Successful real estate investor Barbara Corcoran once said:
So as we leap into 2017 with both feet, make the development of your soft skills a priority. Here are a few reasons why your soft skills are so important:
Business Development: Your track record and resume of successfully completed projects may look stunning on glossy marketing pieces, well-written proposals, or a high-end website. You may have delivered all of your projects ahead of schedule and under budget while maintaining impeccable quality. Your current and past clients will even vouch for you. BUT, in developing new clients, if you are unable to connect with them on a personal level and build a trusting and GENUINE relationship where the client actually LIKES you, the odds of landing a new client are slim.
Career Advancement: Taking the concept beyond just winning new clients, the development of soft skills and relationship building skills are CRUCIAL to the advancement of your career whether you are an EIT just starting out, or Project Manager fighting to break out of the chains of middle management. In these cases, let’s look at applying the soft skills to the people you surround yourself with. Assuming that your engineering skills are stellar, company leaders are more inclined to promote and hire professionals they like (or can envision) working with and enjoy being around. You may be the most creative, on-point, civil engineering design expert, but if you are unable to communicate, or if you ride around on a high horse because you know you have mad skills, you will find yourself treading water for a long time.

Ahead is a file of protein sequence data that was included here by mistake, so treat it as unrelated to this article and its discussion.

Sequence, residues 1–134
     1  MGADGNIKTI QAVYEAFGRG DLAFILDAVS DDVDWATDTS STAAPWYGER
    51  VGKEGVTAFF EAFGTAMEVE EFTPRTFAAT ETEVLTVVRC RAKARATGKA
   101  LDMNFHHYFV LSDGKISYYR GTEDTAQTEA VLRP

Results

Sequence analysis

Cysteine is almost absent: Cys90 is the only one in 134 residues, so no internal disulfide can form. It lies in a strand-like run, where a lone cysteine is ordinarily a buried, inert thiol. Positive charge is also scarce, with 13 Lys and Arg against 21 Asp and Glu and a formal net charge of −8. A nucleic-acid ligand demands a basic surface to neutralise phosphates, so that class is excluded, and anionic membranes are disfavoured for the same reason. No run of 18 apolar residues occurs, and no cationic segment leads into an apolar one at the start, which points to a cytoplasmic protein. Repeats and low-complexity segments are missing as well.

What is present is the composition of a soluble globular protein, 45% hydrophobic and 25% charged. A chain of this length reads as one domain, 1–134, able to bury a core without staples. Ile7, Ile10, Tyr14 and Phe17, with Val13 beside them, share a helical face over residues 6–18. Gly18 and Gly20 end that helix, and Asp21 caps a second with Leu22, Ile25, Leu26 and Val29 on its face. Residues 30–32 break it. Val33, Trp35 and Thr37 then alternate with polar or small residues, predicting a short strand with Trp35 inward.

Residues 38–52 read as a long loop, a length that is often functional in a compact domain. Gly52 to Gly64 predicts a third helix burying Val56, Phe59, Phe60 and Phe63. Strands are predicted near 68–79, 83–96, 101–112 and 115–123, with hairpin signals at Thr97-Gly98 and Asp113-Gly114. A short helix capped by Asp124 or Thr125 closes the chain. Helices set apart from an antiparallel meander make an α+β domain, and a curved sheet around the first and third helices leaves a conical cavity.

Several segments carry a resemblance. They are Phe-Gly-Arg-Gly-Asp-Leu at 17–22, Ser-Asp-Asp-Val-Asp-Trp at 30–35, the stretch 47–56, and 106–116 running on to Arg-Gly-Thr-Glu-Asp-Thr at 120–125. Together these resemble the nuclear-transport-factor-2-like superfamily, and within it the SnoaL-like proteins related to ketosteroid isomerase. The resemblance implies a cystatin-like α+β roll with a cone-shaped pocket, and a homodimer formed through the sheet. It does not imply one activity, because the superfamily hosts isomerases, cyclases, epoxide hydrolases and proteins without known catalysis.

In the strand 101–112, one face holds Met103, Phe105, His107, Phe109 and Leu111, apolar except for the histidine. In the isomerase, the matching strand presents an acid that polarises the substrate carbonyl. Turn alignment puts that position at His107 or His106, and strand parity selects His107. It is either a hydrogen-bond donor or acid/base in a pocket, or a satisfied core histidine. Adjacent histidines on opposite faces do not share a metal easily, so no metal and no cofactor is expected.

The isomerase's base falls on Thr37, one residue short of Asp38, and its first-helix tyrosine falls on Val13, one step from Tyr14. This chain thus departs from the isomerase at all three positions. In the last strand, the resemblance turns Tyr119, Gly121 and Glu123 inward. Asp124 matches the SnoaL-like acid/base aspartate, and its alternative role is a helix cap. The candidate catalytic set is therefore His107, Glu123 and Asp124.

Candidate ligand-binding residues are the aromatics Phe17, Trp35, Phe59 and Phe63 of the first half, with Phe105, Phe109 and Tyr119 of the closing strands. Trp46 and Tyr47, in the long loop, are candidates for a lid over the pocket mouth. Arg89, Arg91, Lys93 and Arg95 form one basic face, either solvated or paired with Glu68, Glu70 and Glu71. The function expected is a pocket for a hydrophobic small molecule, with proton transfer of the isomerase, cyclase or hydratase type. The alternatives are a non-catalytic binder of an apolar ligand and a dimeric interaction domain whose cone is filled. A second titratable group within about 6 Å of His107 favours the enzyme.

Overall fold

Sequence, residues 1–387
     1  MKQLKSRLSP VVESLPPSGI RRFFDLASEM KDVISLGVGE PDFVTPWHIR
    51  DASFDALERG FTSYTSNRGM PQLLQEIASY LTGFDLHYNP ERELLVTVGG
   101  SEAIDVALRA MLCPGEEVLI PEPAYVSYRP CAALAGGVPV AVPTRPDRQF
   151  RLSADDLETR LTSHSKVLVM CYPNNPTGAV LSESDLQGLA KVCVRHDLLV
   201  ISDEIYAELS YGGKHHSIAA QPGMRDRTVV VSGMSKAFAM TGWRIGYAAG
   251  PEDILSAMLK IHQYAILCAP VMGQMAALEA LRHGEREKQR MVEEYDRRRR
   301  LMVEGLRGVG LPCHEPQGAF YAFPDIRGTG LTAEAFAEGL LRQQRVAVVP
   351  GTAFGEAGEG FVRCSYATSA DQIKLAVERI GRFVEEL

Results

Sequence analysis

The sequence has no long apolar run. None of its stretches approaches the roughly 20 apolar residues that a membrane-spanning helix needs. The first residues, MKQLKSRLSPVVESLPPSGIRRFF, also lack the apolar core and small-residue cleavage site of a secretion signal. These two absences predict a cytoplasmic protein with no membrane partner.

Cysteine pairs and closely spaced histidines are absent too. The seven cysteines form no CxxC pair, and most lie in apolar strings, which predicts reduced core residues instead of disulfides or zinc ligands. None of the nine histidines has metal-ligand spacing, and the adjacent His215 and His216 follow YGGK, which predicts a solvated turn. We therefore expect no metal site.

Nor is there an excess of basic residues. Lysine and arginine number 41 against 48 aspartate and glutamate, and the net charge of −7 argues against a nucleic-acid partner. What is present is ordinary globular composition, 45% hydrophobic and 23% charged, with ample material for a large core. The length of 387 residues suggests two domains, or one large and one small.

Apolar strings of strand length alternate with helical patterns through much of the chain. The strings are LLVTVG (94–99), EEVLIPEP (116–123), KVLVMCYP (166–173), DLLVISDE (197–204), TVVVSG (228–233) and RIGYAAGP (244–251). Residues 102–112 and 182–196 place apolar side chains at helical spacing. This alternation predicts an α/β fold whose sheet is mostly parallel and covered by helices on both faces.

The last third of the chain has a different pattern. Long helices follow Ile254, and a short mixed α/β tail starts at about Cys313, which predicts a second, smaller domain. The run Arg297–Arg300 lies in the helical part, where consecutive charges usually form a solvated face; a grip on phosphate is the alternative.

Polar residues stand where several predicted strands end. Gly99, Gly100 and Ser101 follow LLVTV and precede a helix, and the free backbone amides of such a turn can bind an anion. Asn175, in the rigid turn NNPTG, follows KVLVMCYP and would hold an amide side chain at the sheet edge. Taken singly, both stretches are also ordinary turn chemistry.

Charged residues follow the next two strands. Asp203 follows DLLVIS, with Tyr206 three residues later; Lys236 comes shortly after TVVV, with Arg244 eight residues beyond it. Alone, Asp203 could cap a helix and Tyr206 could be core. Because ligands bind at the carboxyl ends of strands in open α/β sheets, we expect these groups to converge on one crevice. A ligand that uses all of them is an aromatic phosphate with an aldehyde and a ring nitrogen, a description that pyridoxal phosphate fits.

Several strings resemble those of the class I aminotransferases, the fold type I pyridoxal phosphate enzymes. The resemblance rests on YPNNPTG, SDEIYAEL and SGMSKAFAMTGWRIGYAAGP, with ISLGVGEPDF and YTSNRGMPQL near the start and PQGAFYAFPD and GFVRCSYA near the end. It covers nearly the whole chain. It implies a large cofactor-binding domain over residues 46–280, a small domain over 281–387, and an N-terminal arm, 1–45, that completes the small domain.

Team Building: Let’s face it, you are only as good as the team you are leading. As a leader, you need to build trust with and really get to know your team members…both as professionals and as individuals. Take the time to learn what motivates them, what drives them, what they enjoy doing outside of work, where they want to take their careers, and then build bridges accordingly. Sitting behind a closed office door all day may allow YOU to get things done, but that short-term success/instant gratification will ultimately force your team to crumble beneath you. Yes, it takes work, and time, and you may have to work more hours than you would prefer to get your own stuff done, but the payoff will be ten-fold.
In a 2015 Wall Street Journal survey of nearly 900 executives, 92% indicated that soft skills were equally important, if not more important than, technical skills. Your ability to develop your soft skills and build quality, legitimate relationships will help differentiate you from the pack and will lead to a rewarding and fruitful career in civil engineering.